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wsconscfg(8) [netbsd man page]

WSCONSCFG(8)						    BSD System Manager's Manual 					      WSCONSCFG(8)

wsconscfg -- configure and switch between virtual terminals on a wscons display SYNOPSIS
wsconscfg [-e emul] [-f ctldev] [-t type] index wsconscfg -d [-F] [-f ctldev] index wsconscfg -g [-f ctldev] wsconscfg -k | -m [-d] [-f ctldev] [index] wsconscfg -s [-f ctldev] index DESCRIPTION
The wsconscfg tool allows to create, delete and switch between virtual terminals on display devices controlled by the wscons terminal frame- work if the underlying display hardware driver supports multiple screens. Further it controls the assignment of keyboards to displays. The index argument specifies which virtual terminal is to be configured; the allowed numbers are from 0 to an implementation-specified value (currently 7, allowing for 8 virtual terminals on a display). In keyboard configuration mode, it specifies the wskbd(4) device to attach or detach. Without further option arguments, a virtual terminal is created with implementation specific properties and a default terminal emu- lation variant selected at kernel compile time. The options are: -d Delete the specified terminal. A terminal opened by a program will not be deleted unless the -F option is applied. Terminals used by the operating system console or a graphics program (X server) cannot be deleted. With the -k flag, the keyboard specified by index will be detached from the wscons display. With the -m flag, the multiplexor specified by index will be detached from the wscons display. -e emul Specify the terminal emulation to use for the virtual terminal. The set of available terminal emulations is determined at kernel compile time. See wscons(4) for details. -F Force deleting of a terminal even if it is in use by a user space program. -f ctldev Specify the control device of the wscons display to operate on. Default is /dev/ttyEcfg. -g Print the index of the current virtual terminal. -k Do keyboard related operations instead of virtual screen configuration. Without other flags, a keyboard will be attached to the display device. The index argument can be omitted, in this case the first free keyboard will be used. -m Do multiplexor related operations instead of virtual screen configuration. Without other flags, a multiplexor will be attached to the display device. -s Switch to the specified virtual terminal. -t type Specify a screen type to use. Screen types refer to display format, colour depth and other low-level display properties. Valid type arguments are defined by the underlying display device driver. Typically, the wsconscfg utility will be invoked in system startup by the /etc/rc.d/wscons script, controlled by the /etc/wscons.conf config- uration file. FILES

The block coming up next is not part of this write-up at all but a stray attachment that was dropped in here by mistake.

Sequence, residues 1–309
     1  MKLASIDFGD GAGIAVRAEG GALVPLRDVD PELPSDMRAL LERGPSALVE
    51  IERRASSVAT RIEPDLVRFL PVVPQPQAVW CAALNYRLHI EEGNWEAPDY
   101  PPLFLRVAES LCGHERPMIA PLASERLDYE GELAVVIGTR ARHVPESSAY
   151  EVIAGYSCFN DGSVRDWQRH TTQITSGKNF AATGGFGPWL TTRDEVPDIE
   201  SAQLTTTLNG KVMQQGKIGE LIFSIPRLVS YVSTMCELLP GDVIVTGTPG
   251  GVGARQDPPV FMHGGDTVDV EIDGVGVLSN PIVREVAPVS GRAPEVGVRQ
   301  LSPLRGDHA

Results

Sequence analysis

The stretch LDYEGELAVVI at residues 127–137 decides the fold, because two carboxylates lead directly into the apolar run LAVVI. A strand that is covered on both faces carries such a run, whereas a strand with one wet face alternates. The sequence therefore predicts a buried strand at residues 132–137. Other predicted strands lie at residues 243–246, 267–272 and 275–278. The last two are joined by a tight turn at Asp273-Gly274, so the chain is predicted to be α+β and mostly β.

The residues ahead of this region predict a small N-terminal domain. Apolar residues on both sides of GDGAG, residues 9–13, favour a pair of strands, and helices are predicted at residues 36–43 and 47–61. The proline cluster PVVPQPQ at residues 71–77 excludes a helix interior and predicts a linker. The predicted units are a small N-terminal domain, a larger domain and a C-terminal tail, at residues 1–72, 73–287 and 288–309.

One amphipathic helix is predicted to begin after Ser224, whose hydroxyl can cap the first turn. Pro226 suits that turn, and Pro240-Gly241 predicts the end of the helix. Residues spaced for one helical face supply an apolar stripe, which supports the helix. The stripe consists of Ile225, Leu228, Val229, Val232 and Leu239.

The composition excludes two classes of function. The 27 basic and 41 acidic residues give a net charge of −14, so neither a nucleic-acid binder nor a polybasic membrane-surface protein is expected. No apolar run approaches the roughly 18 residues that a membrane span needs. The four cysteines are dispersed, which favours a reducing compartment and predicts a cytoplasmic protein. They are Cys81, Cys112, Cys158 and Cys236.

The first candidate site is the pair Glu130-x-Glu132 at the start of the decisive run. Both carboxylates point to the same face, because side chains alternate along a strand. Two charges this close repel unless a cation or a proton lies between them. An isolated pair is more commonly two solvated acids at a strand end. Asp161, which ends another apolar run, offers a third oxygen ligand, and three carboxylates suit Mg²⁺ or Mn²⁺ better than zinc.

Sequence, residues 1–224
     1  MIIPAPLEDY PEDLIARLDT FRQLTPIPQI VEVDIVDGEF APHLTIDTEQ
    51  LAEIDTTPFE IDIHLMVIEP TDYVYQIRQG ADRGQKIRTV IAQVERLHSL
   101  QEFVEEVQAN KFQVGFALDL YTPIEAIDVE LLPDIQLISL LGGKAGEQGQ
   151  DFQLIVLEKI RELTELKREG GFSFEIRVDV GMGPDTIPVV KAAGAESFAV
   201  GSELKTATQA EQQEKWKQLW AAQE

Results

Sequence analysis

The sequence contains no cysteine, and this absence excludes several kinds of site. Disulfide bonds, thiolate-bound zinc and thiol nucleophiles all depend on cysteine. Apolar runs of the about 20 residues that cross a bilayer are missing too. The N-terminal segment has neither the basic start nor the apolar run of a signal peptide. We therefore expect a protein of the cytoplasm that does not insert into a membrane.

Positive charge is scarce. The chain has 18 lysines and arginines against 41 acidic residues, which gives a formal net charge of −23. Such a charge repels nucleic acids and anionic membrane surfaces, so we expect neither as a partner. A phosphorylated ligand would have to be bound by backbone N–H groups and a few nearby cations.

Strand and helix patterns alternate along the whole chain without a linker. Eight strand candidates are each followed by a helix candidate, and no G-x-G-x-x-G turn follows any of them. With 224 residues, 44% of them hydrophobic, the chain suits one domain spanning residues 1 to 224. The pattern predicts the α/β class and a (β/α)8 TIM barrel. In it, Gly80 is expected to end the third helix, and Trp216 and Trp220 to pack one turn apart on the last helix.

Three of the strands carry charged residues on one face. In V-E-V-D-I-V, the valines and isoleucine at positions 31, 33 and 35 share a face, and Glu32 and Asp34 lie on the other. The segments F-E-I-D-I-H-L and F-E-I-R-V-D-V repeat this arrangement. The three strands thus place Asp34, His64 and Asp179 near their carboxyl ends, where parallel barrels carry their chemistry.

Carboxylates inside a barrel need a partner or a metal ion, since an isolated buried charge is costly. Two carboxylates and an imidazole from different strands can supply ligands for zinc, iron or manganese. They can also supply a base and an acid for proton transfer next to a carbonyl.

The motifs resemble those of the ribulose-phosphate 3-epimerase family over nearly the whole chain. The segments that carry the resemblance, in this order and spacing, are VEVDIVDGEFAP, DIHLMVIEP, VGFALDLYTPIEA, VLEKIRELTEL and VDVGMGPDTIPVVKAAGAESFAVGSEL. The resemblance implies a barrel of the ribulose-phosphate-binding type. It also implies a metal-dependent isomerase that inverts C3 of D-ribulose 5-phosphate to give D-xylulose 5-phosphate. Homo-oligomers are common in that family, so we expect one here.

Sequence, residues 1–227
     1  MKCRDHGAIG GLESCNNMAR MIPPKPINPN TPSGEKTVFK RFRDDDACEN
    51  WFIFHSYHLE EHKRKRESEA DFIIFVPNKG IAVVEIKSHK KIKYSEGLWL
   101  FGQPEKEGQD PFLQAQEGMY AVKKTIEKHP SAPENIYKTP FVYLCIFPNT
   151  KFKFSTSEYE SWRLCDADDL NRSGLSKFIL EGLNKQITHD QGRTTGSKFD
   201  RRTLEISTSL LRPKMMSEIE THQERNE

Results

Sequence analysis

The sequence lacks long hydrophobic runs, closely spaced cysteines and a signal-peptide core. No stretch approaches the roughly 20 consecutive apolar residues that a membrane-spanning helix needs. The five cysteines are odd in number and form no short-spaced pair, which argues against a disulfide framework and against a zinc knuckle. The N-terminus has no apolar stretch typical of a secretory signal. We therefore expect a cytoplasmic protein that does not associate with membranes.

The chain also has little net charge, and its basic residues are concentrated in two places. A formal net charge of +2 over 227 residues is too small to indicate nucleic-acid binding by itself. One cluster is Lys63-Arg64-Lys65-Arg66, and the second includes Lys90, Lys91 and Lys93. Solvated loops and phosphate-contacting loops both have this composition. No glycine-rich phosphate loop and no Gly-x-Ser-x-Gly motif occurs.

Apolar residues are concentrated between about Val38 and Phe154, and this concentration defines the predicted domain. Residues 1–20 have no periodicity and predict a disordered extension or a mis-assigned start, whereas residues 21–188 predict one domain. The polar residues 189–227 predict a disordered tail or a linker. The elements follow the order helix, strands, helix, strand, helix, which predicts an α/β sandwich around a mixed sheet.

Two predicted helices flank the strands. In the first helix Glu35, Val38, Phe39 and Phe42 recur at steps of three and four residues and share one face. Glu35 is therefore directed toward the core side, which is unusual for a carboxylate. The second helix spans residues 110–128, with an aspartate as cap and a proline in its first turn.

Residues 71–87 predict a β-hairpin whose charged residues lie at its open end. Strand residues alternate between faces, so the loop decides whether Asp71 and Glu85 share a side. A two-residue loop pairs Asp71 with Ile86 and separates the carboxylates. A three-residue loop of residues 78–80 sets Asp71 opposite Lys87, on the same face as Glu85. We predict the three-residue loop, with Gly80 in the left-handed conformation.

/etc/wscons.conf EXAMPLES
wsconscfg -t 80x50 -e vt100 1 Configure screen 1 (i.e., the second), it will get the type '80x50' and use the VT100 terminal emulation. (Note: '80x50' is a screen type offered by the vga(4) display driver. In this particular case, an 8x8-font must be loaded before to make the screen useful. See wsfontload(8).) wsconscfg -k Connect the first unconnected keyboard to the display. wsconscfg 3 Create screen 3. wsconscfg -d 3 Delete screen 3. wsconscfg -s 2 Switch to screen 2. SEE ALSO
wscons(4), wskbd(4), wsconsctl(8), wsfontload(8) BUGS